backyard pipevine


Aristolochia californica)

A few years ago I visited the Strybing Arboretum and I found someone who could sell me a pipevine plant. The clerk at the little store near the entrance sent me to the nursery greenhouses near the California Garden. I poked around until I found a gardener who offered to see if he had one for sale, and she soon returned with a fragile little twig. For the price of sixteen dollars, a little more than the typical potted plants I get at the Sloat Garden Center, I had another California native to plant out back. He joined a hazelnut tree and a blueberry that I planted more than ten years ago.

The little strand looked so fragile that I didn’t let myself get too attached to it. But he was still alive the following season, and I continued to pamper him, giving him a little extra water and pulling nearby weeds or any other competition.

Backyard Dutchman’s Pipe

One day, I happened to watch steps above the garden and saw the cat sleeping next to it, unconscious. I placed a ring of thin sticks around the base of the plant to make sure she didn’t accidentally crush it. It has so far survived the cat, as well as skunks, squirrels, raccoons, rats, slugs and gophers. It is a winter deciduous plant, and after its first growing season it quickly looked even more pitiful than when I first planted it, so I was relieved to see new growth after its first winter.

At the end of January this year, it bloomed for the first time. A single flower. Our yard receives very little direct sunlight (even when there is no fog) so growth is surprisingly slow. Because it had already flowered earlier this year, I was pleasantly surprised this week to see that it had flowered again, and again with just one flower.

And this is such a cool flower. According to the California Native Plant Society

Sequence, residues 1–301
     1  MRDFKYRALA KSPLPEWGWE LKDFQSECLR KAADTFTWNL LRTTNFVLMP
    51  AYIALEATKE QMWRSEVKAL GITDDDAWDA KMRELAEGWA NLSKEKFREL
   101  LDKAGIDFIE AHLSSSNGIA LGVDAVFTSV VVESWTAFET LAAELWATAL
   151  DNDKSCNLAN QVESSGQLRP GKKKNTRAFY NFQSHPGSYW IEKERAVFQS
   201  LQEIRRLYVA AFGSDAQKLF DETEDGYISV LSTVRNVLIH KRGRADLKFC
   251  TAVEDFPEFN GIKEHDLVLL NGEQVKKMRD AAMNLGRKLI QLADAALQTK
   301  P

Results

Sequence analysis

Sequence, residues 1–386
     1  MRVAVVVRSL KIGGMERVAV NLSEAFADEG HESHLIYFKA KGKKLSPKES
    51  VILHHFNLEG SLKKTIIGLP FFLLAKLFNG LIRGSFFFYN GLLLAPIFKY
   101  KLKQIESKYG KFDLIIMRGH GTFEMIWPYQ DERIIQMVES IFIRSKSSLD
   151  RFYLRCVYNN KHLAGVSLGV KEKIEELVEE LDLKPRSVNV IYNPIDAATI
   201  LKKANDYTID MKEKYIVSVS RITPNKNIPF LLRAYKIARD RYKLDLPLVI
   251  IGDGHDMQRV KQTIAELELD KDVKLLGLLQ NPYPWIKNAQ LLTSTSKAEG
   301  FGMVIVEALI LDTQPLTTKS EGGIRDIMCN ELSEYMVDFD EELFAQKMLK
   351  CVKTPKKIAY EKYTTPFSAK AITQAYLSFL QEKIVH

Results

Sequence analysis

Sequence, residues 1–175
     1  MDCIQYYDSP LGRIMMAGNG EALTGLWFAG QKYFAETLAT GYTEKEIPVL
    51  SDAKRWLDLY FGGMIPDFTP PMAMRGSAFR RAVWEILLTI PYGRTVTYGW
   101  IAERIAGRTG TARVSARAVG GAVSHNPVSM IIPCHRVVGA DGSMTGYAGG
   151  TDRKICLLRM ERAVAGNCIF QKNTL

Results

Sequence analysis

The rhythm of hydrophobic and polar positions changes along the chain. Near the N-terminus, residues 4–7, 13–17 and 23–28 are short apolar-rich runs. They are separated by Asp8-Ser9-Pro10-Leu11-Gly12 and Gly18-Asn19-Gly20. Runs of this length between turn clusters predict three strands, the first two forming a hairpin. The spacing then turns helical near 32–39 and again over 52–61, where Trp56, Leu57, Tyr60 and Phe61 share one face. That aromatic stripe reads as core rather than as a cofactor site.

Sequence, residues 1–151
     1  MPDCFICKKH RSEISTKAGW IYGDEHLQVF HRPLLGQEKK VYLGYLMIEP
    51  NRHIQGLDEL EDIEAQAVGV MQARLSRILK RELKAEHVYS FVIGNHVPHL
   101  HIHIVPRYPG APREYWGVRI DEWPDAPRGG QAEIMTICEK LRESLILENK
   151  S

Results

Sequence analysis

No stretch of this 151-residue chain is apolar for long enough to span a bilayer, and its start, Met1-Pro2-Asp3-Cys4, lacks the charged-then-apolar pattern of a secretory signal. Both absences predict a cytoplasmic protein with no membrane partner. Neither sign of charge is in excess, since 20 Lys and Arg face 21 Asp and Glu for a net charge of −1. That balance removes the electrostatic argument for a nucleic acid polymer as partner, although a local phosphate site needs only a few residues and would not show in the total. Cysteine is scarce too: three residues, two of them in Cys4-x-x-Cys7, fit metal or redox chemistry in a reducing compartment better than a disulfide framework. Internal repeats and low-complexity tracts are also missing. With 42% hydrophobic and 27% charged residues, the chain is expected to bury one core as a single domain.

, “[t]he flowers have an unpleasant smell that attracts tiny scavenger insects.Insects crawl into the convoluted flowers and often get stuck and disoriented for some time, picking up pollen as they wander.Most eventually escape;the plant is not not insectivorous as once thought.”I do not detect no smell at all flowers I have, and looking down the pipe reveals no fungus gnats or other creatures, scavengers or otherwise. When I trained my macro lens on the flower, I saw a spider small enough to hide behind a grain of rice scuttle the stem of the flower. It may be a hunter of other small visitors. My neighbor, a former gardener at Golden Gate Park who, at the age of 93 still does vigorous gardening by volunteering with the Recreation and Parks Department , has much more mature pipevine plants in his backyard. Much of his pipevine climbs the oak he planted from an acorn around the time my wife was born, and his plants have been home to many pipevine swallowtail caterpillars (which I believe he has obtained from the arboretum, if I remember correctly). I hope one day my plant will grow hardy enough to be a host as well, and maybe provide some genetic diversity if pollinators visit the flowers in both of our yards.

Hanging by a thread


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Phone clip, January 16, 675